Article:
This is a guest post written by Elisa Gabbert of Wordstream, Inc.
Elisa is the Senior Content Development Manager at WordStream, a provider of Internet marketing software, which includes an advanced keyword research tool for conducting keyword research and organization.
Different types of keywords accomplish different goals. Some keywords are great for driving traffic, others for establishing authority. But if you’re trying to sell a product or service, keywords that convert at a high rate are an enormously valuable marketing asset.
Unfortunately, there are no keyword tools that specifically deliver high-converting keywords. The only way to find those magic keywords that convert for your business is to do your research, test keyword opportunities in your web content, and analyze the results to see what works.
As you track conversions—both sales and other worthwhile goals—you’ll begin to see patterns, and you’ll be able to predict the type of keywords that will likely drive conversions in the future. Below are four kinds of keywords that convert well for WordStream and might work for you too.
If your company’s offering helps people do something (be it managing leads, making iced coffee, or cleaning a pool) how-to keywords could be a big winner for you. For example, WordStream sells keyword management software that helps search engine marketers find, organize and manage keywords for organic search and pay-per-click advertising campaigns; accordingly, some of our highest converting keywords come from people who are searching for something to help them accomplish those tasks. One keyword that resulted in a sale, for example, was “how to create keyword groups.”
How-to keywords are valuable because they reveal a high level of intent—specifically, they indicate that the searcher is looking for information or solutions. You can address this need in a number of different ways, depending on the type of business you run:
A keyword like “how to make iced coffee” will convert at a higher rate than “iced coffee” alone or even “buy iced coffee” because it prequalifies visitors, ruling out people who are looking for brick-and-mortar coffee shops.
How-to keywords are just one subset of the vast world of long-tail keywords that may trigger conversions. All long-tail keywords reveal more intent than so-called head terms, and as such, we can often find pockets of long-tail keywords that are more often used by people that are late in the buying cycle. Notice how the longer this keyword gets, the more we know about the searcher and what they want:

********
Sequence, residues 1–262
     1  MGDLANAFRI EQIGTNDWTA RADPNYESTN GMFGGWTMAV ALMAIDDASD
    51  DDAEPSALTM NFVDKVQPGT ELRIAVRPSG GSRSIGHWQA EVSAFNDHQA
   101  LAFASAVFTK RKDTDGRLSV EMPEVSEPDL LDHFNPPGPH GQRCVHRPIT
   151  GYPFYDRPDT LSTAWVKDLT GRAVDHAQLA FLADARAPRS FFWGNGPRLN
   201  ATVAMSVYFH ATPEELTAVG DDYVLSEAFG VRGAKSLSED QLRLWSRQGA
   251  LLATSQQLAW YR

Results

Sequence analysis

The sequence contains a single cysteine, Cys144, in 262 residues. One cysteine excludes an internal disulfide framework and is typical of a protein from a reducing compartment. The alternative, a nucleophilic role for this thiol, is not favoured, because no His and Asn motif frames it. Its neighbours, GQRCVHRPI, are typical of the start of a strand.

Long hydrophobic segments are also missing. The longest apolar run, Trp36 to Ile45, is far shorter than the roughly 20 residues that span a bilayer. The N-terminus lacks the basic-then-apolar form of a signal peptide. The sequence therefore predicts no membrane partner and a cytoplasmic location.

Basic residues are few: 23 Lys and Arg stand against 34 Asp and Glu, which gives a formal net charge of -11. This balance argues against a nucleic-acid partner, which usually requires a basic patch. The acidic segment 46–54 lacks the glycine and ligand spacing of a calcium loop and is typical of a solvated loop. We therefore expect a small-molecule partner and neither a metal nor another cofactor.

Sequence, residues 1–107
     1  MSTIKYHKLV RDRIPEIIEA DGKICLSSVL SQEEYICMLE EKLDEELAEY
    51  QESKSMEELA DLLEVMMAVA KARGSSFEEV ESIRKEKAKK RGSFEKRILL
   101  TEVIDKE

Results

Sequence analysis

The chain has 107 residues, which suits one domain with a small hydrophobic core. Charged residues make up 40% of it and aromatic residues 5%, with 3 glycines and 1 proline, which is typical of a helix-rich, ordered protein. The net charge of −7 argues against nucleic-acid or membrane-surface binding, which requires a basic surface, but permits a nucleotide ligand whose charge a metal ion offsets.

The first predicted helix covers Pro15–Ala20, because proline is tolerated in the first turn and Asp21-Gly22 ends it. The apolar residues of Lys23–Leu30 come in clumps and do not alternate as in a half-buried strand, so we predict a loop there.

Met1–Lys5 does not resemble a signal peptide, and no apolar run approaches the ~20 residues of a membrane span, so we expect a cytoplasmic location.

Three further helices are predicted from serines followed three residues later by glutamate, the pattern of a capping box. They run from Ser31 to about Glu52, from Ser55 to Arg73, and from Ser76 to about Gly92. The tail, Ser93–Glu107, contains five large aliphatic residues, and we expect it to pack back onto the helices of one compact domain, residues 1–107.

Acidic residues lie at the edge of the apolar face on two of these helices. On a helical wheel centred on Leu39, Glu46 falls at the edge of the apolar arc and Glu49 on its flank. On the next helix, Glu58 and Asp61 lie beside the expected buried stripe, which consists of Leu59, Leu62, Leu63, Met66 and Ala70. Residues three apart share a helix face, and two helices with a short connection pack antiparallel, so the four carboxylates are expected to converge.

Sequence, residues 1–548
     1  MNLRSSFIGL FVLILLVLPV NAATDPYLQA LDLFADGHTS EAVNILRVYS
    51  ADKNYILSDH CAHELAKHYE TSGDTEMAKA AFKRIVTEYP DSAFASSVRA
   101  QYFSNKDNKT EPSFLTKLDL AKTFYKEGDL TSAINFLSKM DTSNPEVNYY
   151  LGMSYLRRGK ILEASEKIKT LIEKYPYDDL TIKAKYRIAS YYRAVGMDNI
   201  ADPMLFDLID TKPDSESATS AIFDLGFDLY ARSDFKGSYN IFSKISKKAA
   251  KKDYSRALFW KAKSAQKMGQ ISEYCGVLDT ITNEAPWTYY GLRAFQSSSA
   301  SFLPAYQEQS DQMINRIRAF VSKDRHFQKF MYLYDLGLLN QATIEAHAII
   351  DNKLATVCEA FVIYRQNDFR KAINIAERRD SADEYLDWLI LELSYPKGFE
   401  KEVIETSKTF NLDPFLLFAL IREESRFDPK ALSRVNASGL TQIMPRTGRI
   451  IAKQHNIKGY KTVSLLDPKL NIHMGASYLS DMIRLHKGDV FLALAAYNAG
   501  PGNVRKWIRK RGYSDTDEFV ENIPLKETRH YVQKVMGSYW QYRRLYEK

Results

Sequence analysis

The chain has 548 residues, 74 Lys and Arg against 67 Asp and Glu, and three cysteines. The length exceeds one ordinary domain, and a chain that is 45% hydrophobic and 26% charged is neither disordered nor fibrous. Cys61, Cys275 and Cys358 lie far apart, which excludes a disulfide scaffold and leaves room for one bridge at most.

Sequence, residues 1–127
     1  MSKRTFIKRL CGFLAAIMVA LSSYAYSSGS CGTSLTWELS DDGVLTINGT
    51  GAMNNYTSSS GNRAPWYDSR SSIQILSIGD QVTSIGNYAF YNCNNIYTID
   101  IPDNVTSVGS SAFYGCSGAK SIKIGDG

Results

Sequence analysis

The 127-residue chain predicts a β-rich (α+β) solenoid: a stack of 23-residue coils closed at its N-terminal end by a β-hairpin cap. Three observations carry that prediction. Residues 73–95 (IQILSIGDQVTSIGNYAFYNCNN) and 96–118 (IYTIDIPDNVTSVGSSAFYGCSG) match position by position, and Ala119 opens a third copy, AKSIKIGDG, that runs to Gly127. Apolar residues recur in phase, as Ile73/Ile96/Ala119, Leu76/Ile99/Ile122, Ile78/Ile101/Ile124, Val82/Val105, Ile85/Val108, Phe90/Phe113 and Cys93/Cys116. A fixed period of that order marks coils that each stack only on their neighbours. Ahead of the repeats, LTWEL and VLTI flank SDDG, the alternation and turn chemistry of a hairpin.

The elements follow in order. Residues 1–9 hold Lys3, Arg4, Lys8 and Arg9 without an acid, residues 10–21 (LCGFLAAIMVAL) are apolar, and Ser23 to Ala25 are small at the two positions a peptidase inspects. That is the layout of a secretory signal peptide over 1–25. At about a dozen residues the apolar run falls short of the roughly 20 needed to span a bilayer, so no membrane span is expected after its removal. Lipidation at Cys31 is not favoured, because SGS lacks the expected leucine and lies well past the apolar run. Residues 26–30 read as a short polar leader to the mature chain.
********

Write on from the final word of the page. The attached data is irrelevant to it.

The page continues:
tea —> herbal tea —> caffeine-free herbal tea —> buy caffeine-free herbal tea —> where to buy exotic caffeine-free herbal tea
Of course, not all long-tail keywords are necessarily going to work for you. A good way to find viable long-tail keywords is by using the broad match option in your PPC campaigns—just be sure to use negative keywords as well so you don’t waste a lot of money on irrelevant queries.
We’d all like to believe that we’re the best at what we do, right? Believe me, your customers would like to believe that too. No one wants to feel like they paid good money for the third best product on the market, at least not at that price point.
A lot of people search for “the best” version of whatever product or service they are looking for. For example, one WordStream customer searched for “best free keyword organizer” – perhaps dispelling the myth that “free” keywords never lead to sales?
Consider working “best” keywords into your website copy and bidding on “best” keywords in your PPC campaigns. “Best” versions of the above examples might include “best way to learn AdWords,” “best CRM software,” “best hotel deals,” or “best cold-brew coffee makers.”
Maybe it’s stating the obvious, but your own branded keywords do convert—especially for organic search, but occasionally through paid search as well. When someone searches on your brand, they have obviously already learned about you, either through previous visits to your site, via your social media efforts, or via links, reviews, or testimonials on third-party sites. Whatever the reason, the searcher has decided they are ready to buy and want to go directly to your site to do so.
To turn brand searches into conversions, make sure you own the real estate at the top of the SERP for those queries. This is important, because searches for a particular brand can sometimes lead to conversions on a competitor’s site! You’ll also want to make sure that once a visitor arrives at your site from a brand search, there is a clear path to follow the desired course of action.